By Jon Miller
Clinical psychologist, holocaust survivor, inspirational speaker, there are a lot of titles that fit Edith Eger, but the one that brought her to La Jolla is one of her favorites: Grandma.
Eger moved to her home atop Mount Soledad in 1992 to be with her grandchildren. The proud grandmother of five, Eger lists off their accomplishments. One granddaughter just received her psychology license, making her the third generation of Egers with a Ph.D. Eger’s daughter Marianne is a psychologist and professor at New York University and is married to 2003 Nobel Prize winner Robert Engle.
One grandson is using his birthday money to fly from Texas to San Diego because he would rather see his grandma than spend the money. Grandma chokes up a bit when she tells this story.
“Isn’t that the most beautiful
compliment a grandmother can get?” Eger gushed.
Her friends call her Dr. Edie, which means most people call her Dr. Edie. She has a habit of putting people at ease, the fruits of psychological study and training. For years now she has worked with battered wives, shell-shocked soldiers and abused children to teach them to become survivors instead of victims.
In her late 70s, Eger is a small woman, once a ballerina and gymnast. She was even selected for the 1944 Hungarian Olympic team as a gymnast, but when the war reached her home city of Kassa, her father was sent to work in a German labor camp. Eger was kicked off the team because she was Jewish.
It wasn’t long before her family was brought to the Nazi concentration camp at Auschwitz. She was 16 then and remembers watching her mother being led to the gas chamber. One of the last things her mother told Eger was, “No one can take from you what you put in your mind.”
That simple idea sparked hope for Eger in a place where it was as rare as bread. Many prisoners walked in a trance, already accepting their fates as victims in a Nazi furnace. Eger resolved to be a survivor, not a victim. In the despair, she always found a choice for a better life.
“Even when there was no food and we had to eat grass, we could still choose which blade of grass was the best,” she says. “There are no problems in life, only challenges.”
Josef Mengele, the Nazi war criminal that performed obscene medical experiments on the Jews at Auschwitz, chose Eger to entertain him personally. Already known in her barracks as the ballerina, Eger was called to Mengele to dance. Her only escape was to close her eyes and imagine herself dancing in the Budapest Opera House, to see the world as beautiful for what it can be, not for what it is.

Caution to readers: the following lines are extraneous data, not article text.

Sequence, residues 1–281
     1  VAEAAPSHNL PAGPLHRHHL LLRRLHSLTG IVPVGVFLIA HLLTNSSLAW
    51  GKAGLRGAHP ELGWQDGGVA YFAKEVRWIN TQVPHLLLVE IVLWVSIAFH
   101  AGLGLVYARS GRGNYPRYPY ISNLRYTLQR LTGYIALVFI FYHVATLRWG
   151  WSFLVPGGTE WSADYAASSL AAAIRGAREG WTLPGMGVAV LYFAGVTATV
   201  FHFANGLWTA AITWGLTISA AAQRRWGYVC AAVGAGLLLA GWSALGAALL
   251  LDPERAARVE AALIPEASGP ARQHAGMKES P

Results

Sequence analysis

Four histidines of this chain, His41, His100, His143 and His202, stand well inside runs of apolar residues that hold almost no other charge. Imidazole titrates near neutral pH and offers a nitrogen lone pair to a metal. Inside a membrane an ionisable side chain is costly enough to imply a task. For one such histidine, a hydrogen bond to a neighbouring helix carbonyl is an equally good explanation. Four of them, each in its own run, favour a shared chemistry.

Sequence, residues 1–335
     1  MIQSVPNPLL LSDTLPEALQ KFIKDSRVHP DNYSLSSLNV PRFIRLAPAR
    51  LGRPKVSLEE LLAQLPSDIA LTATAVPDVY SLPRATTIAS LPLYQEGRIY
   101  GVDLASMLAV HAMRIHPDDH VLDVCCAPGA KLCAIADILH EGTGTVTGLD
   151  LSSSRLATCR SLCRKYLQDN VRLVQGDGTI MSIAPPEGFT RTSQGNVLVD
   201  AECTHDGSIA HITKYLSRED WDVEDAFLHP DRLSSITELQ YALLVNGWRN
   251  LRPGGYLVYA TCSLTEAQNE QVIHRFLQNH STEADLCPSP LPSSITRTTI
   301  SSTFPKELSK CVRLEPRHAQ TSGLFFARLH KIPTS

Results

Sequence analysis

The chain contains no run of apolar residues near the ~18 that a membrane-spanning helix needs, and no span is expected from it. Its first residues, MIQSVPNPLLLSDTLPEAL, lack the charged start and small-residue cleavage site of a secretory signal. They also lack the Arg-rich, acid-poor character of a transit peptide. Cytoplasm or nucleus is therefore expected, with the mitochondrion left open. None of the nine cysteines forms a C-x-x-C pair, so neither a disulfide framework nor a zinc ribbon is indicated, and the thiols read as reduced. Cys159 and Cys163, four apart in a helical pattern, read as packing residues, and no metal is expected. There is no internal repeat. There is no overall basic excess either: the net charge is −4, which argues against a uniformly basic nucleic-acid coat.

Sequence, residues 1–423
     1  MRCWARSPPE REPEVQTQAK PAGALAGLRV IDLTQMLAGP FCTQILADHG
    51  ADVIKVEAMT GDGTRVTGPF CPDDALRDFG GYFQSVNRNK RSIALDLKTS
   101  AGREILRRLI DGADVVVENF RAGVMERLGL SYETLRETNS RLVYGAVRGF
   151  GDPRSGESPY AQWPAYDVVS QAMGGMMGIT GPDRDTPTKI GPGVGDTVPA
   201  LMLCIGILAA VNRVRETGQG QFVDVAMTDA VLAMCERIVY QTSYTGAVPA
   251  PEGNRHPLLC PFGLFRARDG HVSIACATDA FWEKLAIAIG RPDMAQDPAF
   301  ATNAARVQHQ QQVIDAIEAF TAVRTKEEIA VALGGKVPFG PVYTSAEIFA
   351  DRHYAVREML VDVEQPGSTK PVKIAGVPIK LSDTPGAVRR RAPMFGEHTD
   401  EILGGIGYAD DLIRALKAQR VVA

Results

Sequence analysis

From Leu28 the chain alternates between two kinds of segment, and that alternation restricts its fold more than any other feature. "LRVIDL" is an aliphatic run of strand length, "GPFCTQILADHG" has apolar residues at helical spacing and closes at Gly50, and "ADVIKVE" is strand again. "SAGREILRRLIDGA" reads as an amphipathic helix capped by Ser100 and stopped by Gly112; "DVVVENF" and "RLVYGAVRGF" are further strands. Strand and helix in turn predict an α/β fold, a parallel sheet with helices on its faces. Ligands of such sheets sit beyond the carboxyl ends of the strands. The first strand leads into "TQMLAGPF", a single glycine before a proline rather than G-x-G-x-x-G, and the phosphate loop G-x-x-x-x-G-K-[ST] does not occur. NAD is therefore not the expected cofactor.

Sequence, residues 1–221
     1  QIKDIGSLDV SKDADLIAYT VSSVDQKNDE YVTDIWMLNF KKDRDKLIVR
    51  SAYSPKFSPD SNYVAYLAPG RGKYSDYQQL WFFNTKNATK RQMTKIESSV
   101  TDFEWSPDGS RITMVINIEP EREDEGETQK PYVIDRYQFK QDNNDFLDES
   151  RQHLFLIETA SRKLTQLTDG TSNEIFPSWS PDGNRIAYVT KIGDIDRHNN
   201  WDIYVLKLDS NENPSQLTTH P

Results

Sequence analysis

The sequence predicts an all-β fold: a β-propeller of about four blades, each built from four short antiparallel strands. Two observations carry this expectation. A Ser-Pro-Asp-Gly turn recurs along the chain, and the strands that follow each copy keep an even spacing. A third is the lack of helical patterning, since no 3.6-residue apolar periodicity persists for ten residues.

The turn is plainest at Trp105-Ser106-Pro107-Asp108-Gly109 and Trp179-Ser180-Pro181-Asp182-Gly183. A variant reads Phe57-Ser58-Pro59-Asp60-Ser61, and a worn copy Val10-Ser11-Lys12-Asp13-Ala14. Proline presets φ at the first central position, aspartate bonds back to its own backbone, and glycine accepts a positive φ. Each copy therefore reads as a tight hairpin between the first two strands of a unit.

Months before Auschwitz was liberated, Eger was selected to carry ammunition on Nazi supply trains.
“They thought that the British would not bomb the trains with people in striped uniforms,” Eger remembered. “They bombed anyway.”
Hard months passed. Overworked and undernourished, her weight slipped to only 40 pounds. She lost consciousness. When the guards found her tiny body, they mistook her for dead and threw her in a mass grave.
On May 4, 1945, Americans were searching the area and a soldier noticed a small hand moving among the bodies. Eger was saved. She recovered in a hospital and fell in love with her first husband, a wealthy young Czech. When the communists came to power in Czechoslovakia, her husband was jailed. Immediately, she bribed the warden and smuggled her husband and infant daughter to the United States.
“I put this bracelet in my daughter’s diaper and we fled,” said Eger, as she holds up a gold bracelet she still wears with pride. “We are survivors. I don’t have time to say, ‘Why me.’ Survivors say, ‘What can I do?’ ”
She arrived in America poor, unable to pay $6 to get off the boat. The Red Cross paid the fee, and Eger started a new life.
“Today, I have this wonderful story to tell,” Eger says. “I went to school at night, graduated with honors, and today my name is Dr. Edith Eva Eger. I paid back the $6 to the Red Cross and volunteered 2,000 clinical hours.”
Eger has scars. She startles very quickly. She is terrified of being stopped by police. But, she has learned to integrate her terrible past into her life. She has learned to forgive, and she teaches her patients to do the same.
“There is a Hitler in all of us,” Eger says. “It’s up to us who we reach for, who we try to be.”